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Then there are the slugs. Thatcher battles them with beer, pouring a little into the bottoms of cut-up plastic cups that she sets near plants she wants to protect. “The slugs fall in and drown,” she said.
As for stronger measures, Thatcher mostly avoids them. “If I use a lot of pesticides, the butterflies and bees don’t want to come,” she said. “One year, I had 150 monarchs. They were migrating and stopped in my garden. I want ’em to keep coming.”
Her garden also attracts a lot of birds: “cardinals, finches … even an eagle who hangs out … owls in the trees at night, and lots of nests with babies.”
Their presence makes up for the visitors she’d rather live without, such as the Japanese beetles that ravage her roses.
When Thatcher gets annoyed at creature-caused destruction, she reminds herself what someone once told her at a garden store: a garden that attracts wildlife is a healthy garden. “That’s one way of looking at it,” she said. “If I was an insect, I’d hang out here. I have a big enough garden that I can share a little with nature.”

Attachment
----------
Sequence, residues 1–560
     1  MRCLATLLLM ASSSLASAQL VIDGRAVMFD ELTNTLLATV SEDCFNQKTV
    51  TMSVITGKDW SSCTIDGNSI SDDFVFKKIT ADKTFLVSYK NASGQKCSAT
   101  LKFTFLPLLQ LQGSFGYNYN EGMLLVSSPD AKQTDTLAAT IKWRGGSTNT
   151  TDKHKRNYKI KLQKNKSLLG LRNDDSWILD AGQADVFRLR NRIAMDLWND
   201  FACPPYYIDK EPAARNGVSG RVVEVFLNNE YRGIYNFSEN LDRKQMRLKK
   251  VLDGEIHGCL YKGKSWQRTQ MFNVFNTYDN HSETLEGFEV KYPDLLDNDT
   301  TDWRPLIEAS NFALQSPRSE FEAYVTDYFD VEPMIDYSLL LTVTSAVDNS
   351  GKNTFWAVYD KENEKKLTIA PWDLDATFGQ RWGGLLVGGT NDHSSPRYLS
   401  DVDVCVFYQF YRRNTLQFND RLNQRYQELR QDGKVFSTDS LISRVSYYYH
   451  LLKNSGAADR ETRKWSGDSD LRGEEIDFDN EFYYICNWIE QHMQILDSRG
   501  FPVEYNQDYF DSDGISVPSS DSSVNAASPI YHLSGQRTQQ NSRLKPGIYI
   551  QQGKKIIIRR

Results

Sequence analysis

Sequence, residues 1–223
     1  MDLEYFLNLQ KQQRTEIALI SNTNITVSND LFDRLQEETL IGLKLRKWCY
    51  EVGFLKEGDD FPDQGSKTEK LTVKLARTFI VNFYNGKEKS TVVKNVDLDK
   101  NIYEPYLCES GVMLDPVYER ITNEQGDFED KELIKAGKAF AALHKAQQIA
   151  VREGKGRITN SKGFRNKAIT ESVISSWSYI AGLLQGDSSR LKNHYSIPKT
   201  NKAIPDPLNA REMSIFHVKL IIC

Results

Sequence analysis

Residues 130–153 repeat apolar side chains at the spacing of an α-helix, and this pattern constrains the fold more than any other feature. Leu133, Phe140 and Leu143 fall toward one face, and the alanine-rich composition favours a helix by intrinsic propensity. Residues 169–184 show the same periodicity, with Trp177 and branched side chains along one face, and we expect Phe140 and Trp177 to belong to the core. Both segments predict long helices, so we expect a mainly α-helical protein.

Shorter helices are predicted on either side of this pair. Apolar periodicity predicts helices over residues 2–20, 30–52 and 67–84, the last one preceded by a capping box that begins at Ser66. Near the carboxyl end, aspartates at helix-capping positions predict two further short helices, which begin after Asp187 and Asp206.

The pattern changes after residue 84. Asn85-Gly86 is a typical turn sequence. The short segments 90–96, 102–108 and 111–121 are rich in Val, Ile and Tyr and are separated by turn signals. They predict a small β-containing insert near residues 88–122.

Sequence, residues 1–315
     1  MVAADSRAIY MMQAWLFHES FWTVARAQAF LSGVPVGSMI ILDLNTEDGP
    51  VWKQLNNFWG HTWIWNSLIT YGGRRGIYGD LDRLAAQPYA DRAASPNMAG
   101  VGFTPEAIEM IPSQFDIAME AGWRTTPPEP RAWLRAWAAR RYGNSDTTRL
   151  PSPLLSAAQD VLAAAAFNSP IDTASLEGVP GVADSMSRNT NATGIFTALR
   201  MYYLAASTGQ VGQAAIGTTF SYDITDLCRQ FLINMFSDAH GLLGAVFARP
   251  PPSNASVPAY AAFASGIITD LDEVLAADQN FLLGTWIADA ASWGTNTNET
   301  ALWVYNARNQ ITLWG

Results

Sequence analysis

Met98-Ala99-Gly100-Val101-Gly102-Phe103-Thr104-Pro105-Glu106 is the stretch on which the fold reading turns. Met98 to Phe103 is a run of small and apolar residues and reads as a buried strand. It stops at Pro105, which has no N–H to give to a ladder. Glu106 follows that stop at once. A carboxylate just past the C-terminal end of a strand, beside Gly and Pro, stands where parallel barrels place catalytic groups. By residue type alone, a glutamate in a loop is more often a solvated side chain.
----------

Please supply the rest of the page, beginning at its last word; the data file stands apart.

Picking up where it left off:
With so many flowering plants, the garden produces enough blooms to stock a florist’s shop, but Thatcher has resisted making it a cutting garden. “I like to keep them out here,” she said of her flowers. “But I have started cutting a little.”
Last year, she made some bouquets for friends. “I should bring them into my home more,” she said. “Just like the garden, I’m changing and evolving.”
She’s also dabbling in other artistic pursuits, including creating her own garden art. “I have a stained-glass studio in the house. That’s my winter thing. Now that I don’t have little kids, I want to get more into artwork. When you have a family, it’s so time-consuming.”
But gardening is still her favorite form of artistic expression. “I like the spiritual part,” she said. “You can relax and be thankful. Gardening can be so frustrating, but the reward is so awesome. It reminds you of how blessed we are, surrounded by such beauty.”
Kim Palmer • 612-673-4784